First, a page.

In the Spring of 2009 Pollyanna undertook one of her most challenging expeditions to date – to sketch and paint the rarest wolf in the world. Accompanied by her daughter and business partner Anna-Louise she travelled to the remote and inhospitable Bale mountain regions, where she stayed and worked with the Ethiopian Wolf Conservation Project.
Pollyanna has travelled throughout the world to study endangered species – but this is the first time she has traveled back in time! She left her Derbyshire studio in April 2009, and landed in Ethiopia halfway through 2001. “Ethiopians use a 13-month Coptic calendar that began its third millennium the September before last” Pollyanna explained “So when they claim to enjoy 13 months of sunshine they are not exaggerating!”.
For many people Ethiopia may be most associated nowadays with the 1984 famine, but Pollyanna was drawn to the country by it’s unique wildlife. Abyssinian wolves are an elegant, long-legged species of wolf found only in a handful of scattered remote mountains in Ethiopia. Around 500 survive today in small populations, threatened by loss of highland habitats, disease and persecution. “In 2004 Rabies took a deadly hold among the wolves of the Bale Mountains National Park, which could have entirely wiped out this fragile population and a state of emergency was declared” Pollyanna told us “So through my charitable Foundation I raised £5660.00 to support a vaccination programme organised by the Ethiopian Wolf Conservation project. The EWCP tranquillises, inoculates and re-releases the wolves. To date the project has been a great success, with no known problems or mortality amongst the vaccinated wolves.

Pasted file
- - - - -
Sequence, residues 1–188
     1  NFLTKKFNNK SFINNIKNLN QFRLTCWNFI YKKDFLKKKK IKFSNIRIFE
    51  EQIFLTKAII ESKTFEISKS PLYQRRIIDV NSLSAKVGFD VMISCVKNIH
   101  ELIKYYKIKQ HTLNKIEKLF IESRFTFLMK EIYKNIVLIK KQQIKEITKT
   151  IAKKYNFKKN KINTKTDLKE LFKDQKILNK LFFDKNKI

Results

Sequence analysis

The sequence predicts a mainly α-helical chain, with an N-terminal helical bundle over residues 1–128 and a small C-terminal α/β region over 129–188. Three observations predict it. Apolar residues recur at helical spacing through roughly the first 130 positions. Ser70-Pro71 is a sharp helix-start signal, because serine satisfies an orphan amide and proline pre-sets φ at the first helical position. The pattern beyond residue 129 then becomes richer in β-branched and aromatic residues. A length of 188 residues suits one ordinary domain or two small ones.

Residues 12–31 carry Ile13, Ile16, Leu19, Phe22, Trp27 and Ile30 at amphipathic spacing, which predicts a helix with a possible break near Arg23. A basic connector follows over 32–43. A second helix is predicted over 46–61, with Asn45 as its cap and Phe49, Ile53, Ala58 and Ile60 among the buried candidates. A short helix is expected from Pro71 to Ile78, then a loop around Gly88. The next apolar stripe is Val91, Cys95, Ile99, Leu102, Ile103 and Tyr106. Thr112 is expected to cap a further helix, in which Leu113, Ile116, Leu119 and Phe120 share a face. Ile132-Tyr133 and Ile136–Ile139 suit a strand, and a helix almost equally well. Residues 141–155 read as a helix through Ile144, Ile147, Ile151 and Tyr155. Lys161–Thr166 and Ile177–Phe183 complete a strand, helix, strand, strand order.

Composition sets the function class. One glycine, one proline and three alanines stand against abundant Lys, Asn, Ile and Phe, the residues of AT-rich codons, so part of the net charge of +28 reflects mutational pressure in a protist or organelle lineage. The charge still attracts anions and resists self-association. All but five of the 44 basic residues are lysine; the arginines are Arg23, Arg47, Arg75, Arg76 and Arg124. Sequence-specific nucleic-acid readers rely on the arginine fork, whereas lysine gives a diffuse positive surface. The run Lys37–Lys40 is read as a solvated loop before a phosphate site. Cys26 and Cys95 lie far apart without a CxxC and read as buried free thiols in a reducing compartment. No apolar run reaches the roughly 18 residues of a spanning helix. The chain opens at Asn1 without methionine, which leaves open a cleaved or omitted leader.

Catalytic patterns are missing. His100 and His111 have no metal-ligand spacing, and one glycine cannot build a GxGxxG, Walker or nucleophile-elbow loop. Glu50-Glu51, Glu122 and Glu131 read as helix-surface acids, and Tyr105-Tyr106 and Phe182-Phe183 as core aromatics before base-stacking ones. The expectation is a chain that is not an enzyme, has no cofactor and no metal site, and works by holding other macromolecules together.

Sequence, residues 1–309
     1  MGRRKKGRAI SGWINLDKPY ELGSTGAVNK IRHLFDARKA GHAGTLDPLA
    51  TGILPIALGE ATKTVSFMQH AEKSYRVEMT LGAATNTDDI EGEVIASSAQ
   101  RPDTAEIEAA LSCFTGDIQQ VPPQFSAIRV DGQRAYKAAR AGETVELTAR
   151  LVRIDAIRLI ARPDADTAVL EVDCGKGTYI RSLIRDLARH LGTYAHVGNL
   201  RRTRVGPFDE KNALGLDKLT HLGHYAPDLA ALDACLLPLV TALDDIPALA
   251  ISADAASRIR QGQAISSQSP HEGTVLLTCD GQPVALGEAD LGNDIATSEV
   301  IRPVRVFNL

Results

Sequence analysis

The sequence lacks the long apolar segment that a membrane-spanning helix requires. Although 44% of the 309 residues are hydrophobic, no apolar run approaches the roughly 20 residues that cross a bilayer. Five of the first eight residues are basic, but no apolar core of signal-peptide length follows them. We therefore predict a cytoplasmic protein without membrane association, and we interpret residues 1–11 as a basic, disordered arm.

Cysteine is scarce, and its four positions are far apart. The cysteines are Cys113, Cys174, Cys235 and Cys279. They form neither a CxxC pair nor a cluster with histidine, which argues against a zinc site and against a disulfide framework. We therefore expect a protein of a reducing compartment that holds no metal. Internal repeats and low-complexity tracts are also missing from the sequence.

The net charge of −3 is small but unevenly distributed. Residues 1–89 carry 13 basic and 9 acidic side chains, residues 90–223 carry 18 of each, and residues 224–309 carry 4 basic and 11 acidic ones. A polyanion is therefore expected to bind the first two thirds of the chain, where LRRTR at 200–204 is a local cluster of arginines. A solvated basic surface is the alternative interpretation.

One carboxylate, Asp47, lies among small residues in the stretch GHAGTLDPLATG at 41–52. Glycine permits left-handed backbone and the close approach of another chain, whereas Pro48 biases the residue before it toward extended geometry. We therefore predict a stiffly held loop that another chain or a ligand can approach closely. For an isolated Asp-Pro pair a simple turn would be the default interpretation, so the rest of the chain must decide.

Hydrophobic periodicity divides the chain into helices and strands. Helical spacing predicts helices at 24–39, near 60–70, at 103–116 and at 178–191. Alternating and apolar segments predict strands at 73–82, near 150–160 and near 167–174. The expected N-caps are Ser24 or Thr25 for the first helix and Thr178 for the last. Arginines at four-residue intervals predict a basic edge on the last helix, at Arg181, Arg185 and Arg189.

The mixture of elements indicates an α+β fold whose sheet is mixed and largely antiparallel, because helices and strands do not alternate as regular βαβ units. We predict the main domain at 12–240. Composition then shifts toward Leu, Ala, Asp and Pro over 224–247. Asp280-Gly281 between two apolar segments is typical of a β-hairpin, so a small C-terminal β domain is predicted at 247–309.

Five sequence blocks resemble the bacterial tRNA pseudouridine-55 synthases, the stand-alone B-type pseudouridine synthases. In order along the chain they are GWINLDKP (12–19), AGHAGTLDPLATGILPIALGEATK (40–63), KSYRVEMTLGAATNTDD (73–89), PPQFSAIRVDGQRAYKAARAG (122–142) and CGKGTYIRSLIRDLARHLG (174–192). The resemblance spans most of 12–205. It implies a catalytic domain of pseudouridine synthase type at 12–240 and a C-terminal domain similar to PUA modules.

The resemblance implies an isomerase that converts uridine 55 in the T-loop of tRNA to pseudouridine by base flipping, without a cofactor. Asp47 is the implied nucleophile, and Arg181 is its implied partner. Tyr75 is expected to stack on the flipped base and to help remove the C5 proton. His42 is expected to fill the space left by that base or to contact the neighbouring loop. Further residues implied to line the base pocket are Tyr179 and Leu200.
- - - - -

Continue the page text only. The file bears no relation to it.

At heights of almost 5,000m above sea level Pollyanna and Anna-Louise had to contend with altitude sickness, thick cloud cover and freezing conditions as they drove in 4 wheel drives or trekked through the afro-alpine habitat. However they were rewarded with over 20 sightings of the beautiful red-coated wolves. Pollyanna also had the opportunity to observe and sketch lots of other Ethiopian mammals and birds including black kites, lanner falcons, and the striking pied kingfisher. Later in her journey Pollyanna travelled to the Muslim walled city of Harar, where she visited a child care centre. Here she had one of the most unusual and nerve-wracking experiences of her journeys round the world, when she found herself hand-feeding a pack of wild hyenas.
Every night outside the walls of the ancient city, a pack of hyenas circles a lone man as he crouches down holding out chunks of bloody red meat, which they take from the end of a short stick clamped between his teeth. These huge, slope-shouldered animals have fearsome jaws that can easily crush human bone. The hyena men of Harar have been performing this ritual every night for hundreds of years, and Pollyanna became one of the few European women ever to be invited to take part in the ceremony, with the wild hyenas taking food from her hand.
The journey through Ethiopia will be featured in Pollyanna’s forthcoming book ‘Way of the Wolf’.